Copyright

Kerala Police arrests teenagers for movie piracy following industry uproar


Last week, the Kerala Police arrested three students (two of them under the age of 18) in connection with the investigation into the large-scale piracy of the recently released blockbuster Premam.

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I would if I could!

The police reaction in this case is symptomatic of the problems that an IP criminalisation approach brings – since police action can be most easily brought against the weakest link in the piracy chain, it’s most likely going to be nothing more than a newsworthy scapegoating exercise.

In the case of Premam, a ‘censor copy’ of the film was uploaded on the internet by someone masking their IP address. It’s abundantly clear, therefore, that the perpetrators must have had close links with someone in the censor board. In our current approach to digital piracy, the police is incentivised to make arrests in a ‘show of force’ reaction, rather than conducting a focused, low-profile investigation that identifies the larger actors and penalises them suitably.

This is a sentiment that’s been echoed by the parents of the arrested students – one can’t help but feel that there’s something wrong with a law enforcement system that seems to think that arresting three teenagers can do anything to neutralise a piracy ring with obvious connections to high-level bureaucrats.

In a similarly counterproductive reaction to the unauthorised distribution of the movie online, the Kerala Film Exhibitors Federation called for a shutdown last week, leading to over 400 theatres remaining closed on Friday. While it’s understandable that the film industry feels the need to make a strong statement against digital piracy, the fact of the matter is that such reactions simply don’t bring any tangible benefit. It’s been demonstrated that the best way to combat piracy is to make legal content more accessible (through better distribution channels such as NetFlix, for example), but the industry is doing exactly the opposite through knee-jerk reactions like this one. The most “in your face” result of this reaction is already being felt – the release of the high-budget Baahubali, scheduled for last Friday, has been prejudiced by the strike in Kerala. The solution to piracy lies not in the throttling of content supplied to the market but in increasing the flow of legitimate content to crowd out the market for pirated work. Until the film industry realises this, it will only keep throwing the baby out with the bath-water.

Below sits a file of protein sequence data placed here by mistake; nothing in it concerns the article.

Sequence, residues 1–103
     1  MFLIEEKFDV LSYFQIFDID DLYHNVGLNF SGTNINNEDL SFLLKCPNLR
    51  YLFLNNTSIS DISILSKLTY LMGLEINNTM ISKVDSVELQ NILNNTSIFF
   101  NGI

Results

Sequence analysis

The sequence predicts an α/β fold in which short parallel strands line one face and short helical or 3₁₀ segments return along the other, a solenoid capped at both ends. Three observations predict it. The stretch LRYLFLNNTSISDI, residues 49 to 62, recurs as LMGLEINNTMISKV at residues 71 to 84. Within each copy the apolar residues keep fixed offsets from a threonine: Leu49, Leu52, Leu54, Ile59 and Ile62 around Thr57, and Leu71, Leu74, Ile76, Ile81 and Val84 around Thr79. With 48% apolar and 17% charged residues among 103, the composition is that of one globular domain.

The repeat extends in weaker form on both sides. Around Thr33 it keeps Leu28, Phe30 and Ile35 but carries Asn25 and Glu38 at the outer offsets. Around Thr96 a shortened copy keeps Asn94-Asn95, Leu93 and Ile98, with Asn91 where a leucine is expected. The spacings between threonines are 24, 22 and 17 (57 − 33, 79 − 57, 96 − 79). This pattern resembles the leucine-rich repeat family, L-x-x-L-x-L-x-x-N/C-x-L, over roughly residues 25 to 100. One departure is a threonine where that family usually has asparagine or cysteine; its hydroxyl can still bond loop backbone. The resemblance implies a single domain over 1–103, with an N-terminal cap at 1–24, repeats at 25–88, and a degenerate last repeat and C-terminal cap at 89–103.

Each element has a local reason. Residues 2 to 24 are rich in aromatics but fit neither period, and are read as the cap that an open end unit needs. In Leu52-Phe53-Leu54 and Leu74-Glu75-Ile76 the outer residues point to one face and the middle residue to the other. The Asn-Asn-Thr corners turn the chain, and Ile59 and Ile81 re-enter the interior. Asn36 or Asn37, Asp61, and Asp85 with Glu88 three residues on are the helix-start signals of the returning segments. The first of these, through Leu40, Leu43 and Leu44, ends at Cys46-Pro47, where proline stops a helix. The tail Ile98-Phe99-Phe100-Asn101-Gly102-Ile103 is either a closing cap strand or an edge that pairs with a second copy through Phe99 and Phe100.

The biggest problem with such reactions by the film industry is that they feed back into the administration’s flawed approach to piracy. Knee-jerk responses by the industry demand instant and visible action on the part of the police, leading them to make quick arrests of relatively lower level players rather than mounting investigations against the “bigger fish” in the sea. Because of this, everybody loses – the industry doesn’t beat piracy; the police don’t catch the people they need to; and teenagers whose gravest charge consists of clicking ‘upload’ on a computer screen end up getting the same treatment as drug lords and gang leaders.

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Balaji Subramanian

Balaji Subramanian

Balaji is a third year student at NALSAR, Hyderabad. He is currently an editor of the Indian Journal of Intellectual Property Law. He is fascinated by technology law and IP law, and is an active member of NALSAR's Technology Law Forum. When he isn't doing law school things, he wanders the country looking for quizzes to participate in. He can be emailed at [email protected]

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